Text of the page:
Szechuan cuisine, synonymous with 麻辣 a numbing spiciness, by 3 generations of chefs: In 1958, the late Chen Kenmin, a Szechuan native, started Akasaka Szechuan Restaurant, or popularly known as Shisen Hanten 四川饭店 to Japanese, in Japan. He passed down his skills to his son, Chen Kenichi, who is the longest serving Iron Chef in the Japan series, winning 14 consecutive matches. Nicknamed the “Szechuan Sage,” his food emphasizes on the seven tastes of Szechuan cuisine: sour, pungent, hot, sweet, bitter, aromatic, and salty. Chen Kenichi, in turn, passes the baton to his son, Chen Kentaro. And this is Shisen Hanten by Chen Kentaro.
Right from the start, the restaurant is impressive, and vast: very tall ceilings with beautiful chandeliers of different sizes crowded at a corner, hanging at different heights, overlooking the city. A beautiful ikebana epergne stands unostentatiously. The decor is gorgeous.
Set lunch menu ($42+ or $50+), and set dinners ($68/$98/$138) available. But since the specialties of Chen weren’t on the set menus, we ordered a la carte.
On a scale of 0-10, my tolerance for spice is a 3. But even I was taken aback by how much I liked the food. Usually spicy food numbs the tongue and you cannot taste anything else. But at Shisen Hanten, the spiciness is just part of the complex and evolving tastes of the food. The die die must order, mapo tofu 陈麻婆豆腐 ($20/$30/$40), was silky, with a delicate balance of heat and saltiness from fermented beans. You have never eaten mapo tofu till you eat this one.
On the first sip of the broth from another must order, spicy soup noodle 担担面 ($10/bowl) was the taste of lard, liquid lard, which evolved to a sweetness and fragrance of peanut, and finally, the heat kicked in. The noodle, done in a Chinese soggy way, none of the Italian al dente, had a delicious sweet eggy scent that stood on its own against the exciting and strong broth.
Every table seemed to have a pot of stewed fish fillet 水煮鱼 ($26/ $39/ $52), and this was the spiciest food we ordered. Before the slow-rising heat hits you like Solange, there is a plethora of complex tastes, salty, pungent and sweet. And you can still taste the freshness of the fish and a milky cod-like scent. Tip: fish the Szechuan pepper out before eating, because if you bite in it, the pungency will make you cringe.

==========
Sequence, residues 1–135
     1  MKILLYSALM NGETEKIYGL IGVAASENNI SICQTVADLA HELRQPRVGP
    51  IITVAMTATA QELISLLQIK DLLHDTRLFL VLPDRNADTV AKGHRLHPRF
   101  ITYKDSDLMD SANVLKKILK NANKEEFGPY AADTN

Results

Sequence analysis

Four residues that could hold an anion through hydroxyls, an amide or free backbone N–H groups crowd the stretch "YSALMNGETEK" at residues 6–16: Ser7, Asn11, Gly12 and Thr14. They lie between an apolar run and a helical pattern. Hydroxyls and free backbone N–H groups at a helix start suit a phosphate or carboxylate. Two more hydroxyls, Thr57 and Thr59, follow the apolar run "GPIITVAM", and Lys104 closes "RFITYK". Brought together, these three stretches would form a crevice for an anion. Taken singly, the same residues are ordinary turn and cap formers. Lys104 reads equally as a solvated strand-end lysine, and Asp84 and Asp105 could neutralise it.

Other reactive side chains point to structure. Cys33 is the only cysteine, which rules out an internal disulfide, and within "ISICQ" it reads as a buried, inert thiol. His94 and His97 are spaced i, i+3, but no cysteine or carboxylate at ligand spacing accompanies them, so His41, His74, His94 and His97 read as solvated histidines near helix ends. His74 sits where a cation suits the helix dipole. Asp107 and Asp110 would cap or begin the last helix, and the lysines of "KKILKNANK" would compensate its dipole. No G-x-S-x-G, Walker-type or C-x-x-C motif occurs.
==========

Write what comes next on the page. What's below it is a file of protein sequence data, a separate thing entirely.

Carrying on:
The beef stir-fried in Szechuan peppers 孜然牛柳 ($28/ $42/ $56) had a strange and wondrous texture: the outside seemed to be deep-fried and when I bit into it, its texture was like tou pok, but ooh so tender. I had never tasted beef done this way before.
For the sake of variety, we ordered a non-spicy item, stir-fried king crab and Hokkaido scallop with yuzu sauce ($36/ $52/ $72). While my friends and I agreed that this non-spicy dish wasn’t as flavorful or delicious as the spicy ones, it acted as a nice finish, a cooling calm-me-down. And after the spicy food excited the tastebuds, I could taste the sweetness of the crab and scallops even better.
Two areas of improvement: The food took some time to come; better presentation for the food required.
An incident that happened: My friends were late, I was hungry, so I ordered a spicy noodle first. When they came, they ordered another spicy noodle. But this second bowl of noodle didn’t come. We asked for it. The server checked and thought we only ordered a bowl. This was a miscommunication, I suppose, and shouldn’t reflect on the excellent service. The servers were considerate, prompt, funny, informative, amicable and cheerful. They made me feel at home.
This is the third restaurant that achieves a 4/5 from us this year and it is the best one yet. I highly recommend it, even if you can’t take spice. Hey, I saw many angmohs there. If angmohs can do it, so can you. We spent about $170 for three persons.
Written by A. Nathanael Ho.